In this post, you will learn Python Operators with detailed explanations and examples. So let us start learning with the very basics.

## Types of Operators in Python

There are seven types of operators in python they are as follows:

1. Arithmetic Operators
2. Relational Operators
3. Assignment Operator
4. Logical Operators
5. Bitwise Operators
6. Membership Operators
7. Identity Operators

## Arithmetic Operators

all mathematical operations such as addition, subtraction, multiplication, division, modulo, exponential, etc are included in Arithmetic Operators.

Let’s understand each operator seen in the above table with an example. Examples give you more clarity.

a = 2
b = 7
print(a+b)

print(a-b)

c = 4.5
d = 3

print(c+d)
print(c-d)

Output:

9
-5
7.5
1.5

Take Note if the addition of an integer number with a float number will give output as a float number.

This is because of Python auto type-casting, Python automatically promotes a lower data type to a higher data type while performing any arithmetic operation with two different data types like int or float as int is a lower data type as compared to float that’s why Python automatically promotes it to float to ensure that the operation is performed accurately.

Multiplication (*) and Exponential (**)

# multiplication

a = 5
b = 7

print(a*b)

print(3.5*2)

# exponential ---> gives m^n (m power n)

print(2**3)
print(2.1**2)

Output:

35
7.0
8
4.41

Integer (//) & Float (/) division

# integer division
a = 5
b = 2
print(a//b)  # remove number after the point (give wrong answer in this case)

# float division
print(a/b)  # give right answer (recommended)

Output:

2
2.5

In integer division value after the point is not considered, which means if your answer is 2.5 it gives only 2.

float division is considered number after the point, Means float division is recommended way to perform division operations.

Modulo operator (%)

modulo operator gives remainder as output (modulo divide two numbers and give remainder as output)

a = 5
b = 3

print(a%b)

print(10%2)

Output:

2
0

## Relational Operators

less than (<), greater than (>), not equal to (!=), less than equal to (<=), greater than equal to (>=) all are relational operators.

let’s understand all the relational operators with the help of an example.

# less then and less then equal to

print(2<1)  # if correct then return true other wise false

print(13<=15)

print(9<7)

# greater then and greater then equal to

print(23>20) # if correct then return true other wise false

print(15>=15)

print(12>15)

# not equal to

print(2!=2)
print(7!=5)

Output:

False
True
False
True
True
False
False
True

## Assignment Operators

Assign (=), addition then assign (+=), subtraction then assign (-=), multiplication then assign (*=), etc are known as assignment operators.

take a look below table to understand all the assignment operators with there explaination.

lets understand all assigment operators with the help of Example.

# Assign value to left operant (=)
num = 5
print(num)

# (+=)
num+=10   #num = num+10
print(num)

# (-=)
num-=10   #num = num-10
print(num)

# (*=)
num*=5    #num = num*5
print(num)

# (//=)
num//=2   #num =num//2
print(num)

# (/=)
num/=3   #num =num/3
print(num)

# (%=)
num%=2 #num = num%2
print(num)

Output:

5
15
5
25
12
4.0
0.0

## Logical Operators

and, or and not are Known as logical operators.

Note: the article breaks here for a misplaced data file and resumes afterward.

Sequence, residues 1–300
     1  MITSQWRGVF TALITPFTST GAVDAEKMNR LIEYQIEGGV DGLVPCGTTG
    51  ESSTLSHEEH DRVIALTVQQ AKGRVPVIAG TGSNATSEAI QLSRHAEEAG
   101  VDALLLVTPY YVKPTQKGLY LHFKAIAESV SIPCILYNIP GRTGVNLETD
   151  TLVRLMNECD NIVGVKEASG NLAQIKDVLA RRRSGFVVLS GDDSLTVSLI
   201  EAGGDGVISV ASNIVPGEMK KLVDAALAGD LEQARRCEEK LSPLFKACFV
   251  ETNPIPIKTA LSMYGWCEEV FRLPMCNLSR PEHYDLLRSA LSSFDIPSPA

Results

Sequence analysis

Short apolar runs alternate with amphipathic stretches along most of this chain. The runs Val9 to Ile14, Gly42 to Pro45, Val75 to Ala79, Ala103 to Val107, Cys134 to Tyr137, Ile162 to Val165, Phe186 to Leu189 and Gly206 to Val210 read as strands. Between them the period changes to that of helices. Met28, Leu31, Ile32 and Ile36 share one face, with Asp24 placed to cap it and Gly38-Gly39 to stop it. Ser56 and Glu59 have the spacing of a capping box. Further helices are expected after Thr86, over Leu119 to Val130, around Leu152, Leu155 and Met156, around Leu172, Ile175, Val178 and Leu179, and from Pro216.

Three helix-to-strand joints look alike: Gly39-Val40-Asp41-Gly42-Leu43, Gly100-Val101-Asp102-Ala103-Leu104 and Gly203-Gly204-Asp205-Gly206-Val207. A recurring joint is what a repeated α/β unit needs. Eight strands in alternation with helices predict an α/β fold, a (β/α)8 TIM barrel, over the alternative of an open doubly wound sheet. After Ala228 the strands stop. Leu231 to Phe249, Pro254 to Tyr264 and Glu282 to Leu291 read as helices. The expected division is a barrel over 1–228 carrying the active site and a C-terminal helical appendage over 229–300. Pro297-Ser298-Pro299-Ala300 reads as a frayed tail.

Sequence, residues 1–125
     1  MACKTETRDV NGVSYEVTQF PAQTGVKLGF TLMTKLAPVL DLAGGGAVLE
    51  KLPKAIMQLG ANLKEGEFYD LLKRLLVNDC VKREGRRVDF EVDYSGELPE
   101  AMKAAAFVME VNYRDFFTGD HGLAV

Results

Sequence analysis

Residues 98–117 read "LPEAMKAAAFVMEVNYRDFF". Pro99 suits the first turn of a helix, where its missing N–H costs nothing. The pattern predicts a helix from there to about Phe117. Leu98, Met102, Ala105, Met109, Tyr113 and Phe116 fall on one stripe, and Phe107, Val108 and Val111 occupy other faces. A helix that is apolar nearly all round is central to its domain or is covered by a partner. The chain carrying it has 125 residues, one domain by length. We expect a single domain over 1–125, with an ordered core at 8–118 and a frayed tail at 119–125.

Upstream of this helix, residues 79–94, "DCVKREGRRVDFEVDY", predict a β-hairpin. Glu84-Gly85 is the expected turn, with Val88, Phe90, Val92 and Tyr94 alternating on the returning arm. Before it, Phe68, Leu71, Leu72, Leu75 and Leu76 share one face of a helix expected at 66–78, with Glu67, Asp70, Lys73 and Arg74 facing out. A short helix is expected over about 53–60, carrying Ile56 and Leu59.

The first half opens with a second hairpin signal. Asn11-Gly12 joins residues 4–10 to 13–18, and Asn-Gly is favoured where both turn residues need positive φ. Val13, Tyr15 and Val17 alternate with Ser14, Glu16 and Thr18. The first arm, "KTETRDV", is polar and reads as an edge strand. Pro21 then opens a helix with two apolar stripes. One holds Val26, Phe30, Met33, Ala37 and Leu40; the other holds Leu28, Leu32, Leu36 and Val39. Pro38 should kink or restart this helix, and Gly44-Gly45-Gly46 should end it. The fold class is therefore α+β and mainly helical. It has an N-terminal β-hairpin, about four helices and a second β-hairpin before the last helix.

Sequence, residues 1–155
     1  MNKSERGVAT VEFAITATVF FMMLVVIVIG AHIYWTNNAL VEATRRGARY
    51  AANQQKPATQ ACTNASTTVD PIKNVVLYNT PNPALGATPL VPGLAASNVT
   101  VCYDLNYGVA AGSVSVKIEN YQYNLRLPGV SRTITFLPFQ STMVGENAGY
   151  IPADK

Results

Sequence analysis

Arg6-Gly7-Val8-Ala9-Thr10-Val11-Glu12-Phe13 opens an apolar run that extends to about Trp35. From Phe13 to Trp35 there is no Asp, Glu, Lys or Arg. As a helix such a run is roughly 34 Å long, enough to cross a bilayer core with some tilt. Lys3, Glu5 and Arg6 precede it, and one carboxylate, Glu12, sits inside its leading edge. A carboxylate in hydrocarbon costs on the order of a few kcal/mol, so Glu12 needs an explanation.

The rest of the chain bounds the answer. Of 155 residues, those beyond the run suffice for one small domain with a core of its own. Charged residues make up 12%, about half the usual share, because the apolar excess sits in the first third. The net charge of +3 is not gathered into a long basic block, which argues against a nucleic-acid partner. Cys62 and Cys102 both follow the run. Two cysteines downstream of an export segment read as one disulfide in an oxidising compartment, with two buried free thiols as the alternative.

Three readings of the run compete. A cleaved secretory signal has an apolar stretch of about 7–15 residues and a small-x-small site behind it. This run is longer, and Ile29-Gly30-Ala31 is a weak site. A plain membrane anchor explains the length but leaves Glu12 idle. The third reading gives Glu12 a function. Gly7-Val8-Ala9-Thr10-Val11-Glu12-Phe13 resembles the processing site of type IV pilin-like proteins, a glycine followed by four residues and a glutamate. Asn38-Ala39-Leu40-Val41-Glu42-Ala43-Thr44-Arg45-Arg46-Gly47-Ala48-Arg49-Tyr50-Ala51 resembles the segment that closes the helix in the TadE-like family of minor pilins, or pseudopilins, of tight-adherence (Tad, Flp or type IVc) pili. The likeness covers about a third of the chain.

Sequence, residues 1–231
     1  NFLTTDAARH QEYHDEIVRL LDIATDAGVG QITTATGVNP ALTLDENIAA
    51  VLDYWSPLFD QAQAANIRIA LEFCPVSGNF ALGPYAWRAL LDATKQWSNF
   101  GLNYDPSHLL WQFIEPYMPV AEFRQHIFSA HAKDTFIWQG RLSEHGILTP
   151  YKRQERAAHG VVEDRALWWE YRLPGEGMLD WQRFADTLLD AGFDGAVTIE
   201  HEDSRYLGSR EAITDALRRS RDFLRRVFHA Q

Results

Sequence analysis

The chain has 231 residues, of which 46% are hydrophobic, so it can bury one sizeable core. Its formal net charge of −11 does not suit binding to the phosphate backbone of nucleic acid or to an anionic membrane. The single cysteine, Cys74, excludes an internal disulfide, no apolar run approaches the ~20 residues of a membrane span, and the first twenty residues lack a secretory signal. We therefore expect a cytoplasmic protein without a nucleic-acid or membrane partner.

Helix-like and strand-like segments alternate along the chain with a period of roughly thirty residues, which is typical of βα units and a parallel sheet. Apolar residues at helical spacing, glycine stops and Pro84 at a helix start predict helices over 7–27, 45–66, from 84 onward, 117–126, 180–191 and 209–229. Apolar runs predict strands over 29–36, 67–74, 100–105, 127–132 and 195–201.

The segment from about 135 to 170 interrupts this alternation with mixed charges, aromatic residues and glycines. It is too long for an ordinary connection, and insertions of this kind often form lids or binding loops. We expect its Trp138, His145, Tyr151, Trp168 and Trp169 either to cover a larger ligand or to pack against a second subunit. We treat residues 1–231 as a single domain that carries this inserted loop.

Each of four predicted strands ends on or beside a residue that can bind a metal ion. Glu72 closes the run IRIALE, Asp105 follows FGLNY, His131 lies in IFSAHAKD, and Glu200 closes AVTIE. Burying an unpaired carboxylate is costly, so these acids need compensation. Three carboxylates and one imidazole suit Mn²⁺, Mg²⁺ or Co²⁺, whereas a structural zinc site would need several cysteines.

let’s understand logical operators with the help of examples

# logical operators

# and
print(5>3 and 4>1)   # return true because both condition is true
print(5>3 and 4<1)   # return False because one condition is false

# or
# return true if any one condition is true
print(10<5 or 5>3)
print(2<5 or 7<0)

# not

print(not(10>5))

Output:

True
False
True
True
False

## Bitwise Operators

NOT (~), OR (|), AND (&), XOR (^) etc are known as bitwise operators

example for bitwise operators.

# OR
a = 2  # in binary 2 = 1 0
b = 3  # in binary 3 = 1 1
c = a|b # perform OR-> 1 1 (any one value is one then output is one)

print("OR",c)  #output: 1 1 (in binary) which is equal to 3

# AND
d = a&b

#2    # 1 0
#3    # 1 1
# AND   1 0  (in AND operation output is one if and only if both the value is 1)
print("AND",d)

# XOR
# (if one input is one then output is one)

e = a^b
# 1 0
# 1 1
# 0 1
print("XOR",e)

Output:

OR 3
AND 2
XOR 1

## Membership Operators

in and not in are known as Membership Operators.

Membership Operator is used to check whether an element is present in sequence (list, tuple, string, etc) or not.

let’s understand Membership Operators with the help of examples

l1 = [1,2,3,4,5]

# in return True if element present in sequence otherwise False
print(1 in l1)
print(7 in l1)

# not in return True if element not present in sequence otherwise False
print(1 not in l1)
print(7 not in l1)

# string

s1 = 'allinpython'

print('a' in s1)
print('a' not in s1)

Output

True
False
False
True
True
False

## Identity Operators

is and not is are known as Identity Operators.

is returns True if two variables refer to the same object otherwise returns False

is not returns True if two variables do not refer to the same object otherwise returns False

let’s understand Identity Operators with the help of examples

l1 = [1,2,3]

l2 = l1

print(l1 is l2) #return true because both are refer same object

l3 = [1,2,3]

print(l1 is l3)  # return false because both are not refer to same object
print(l1 is not l3)

Output

True
False
True

hope this post adds some value to your life – thank you.

Hi, I'm Yagyavendra Tiwari, a computer engineer with a strong passion for programming. I'm excited to share my programming knowledge with everyone here and help educate others in this field.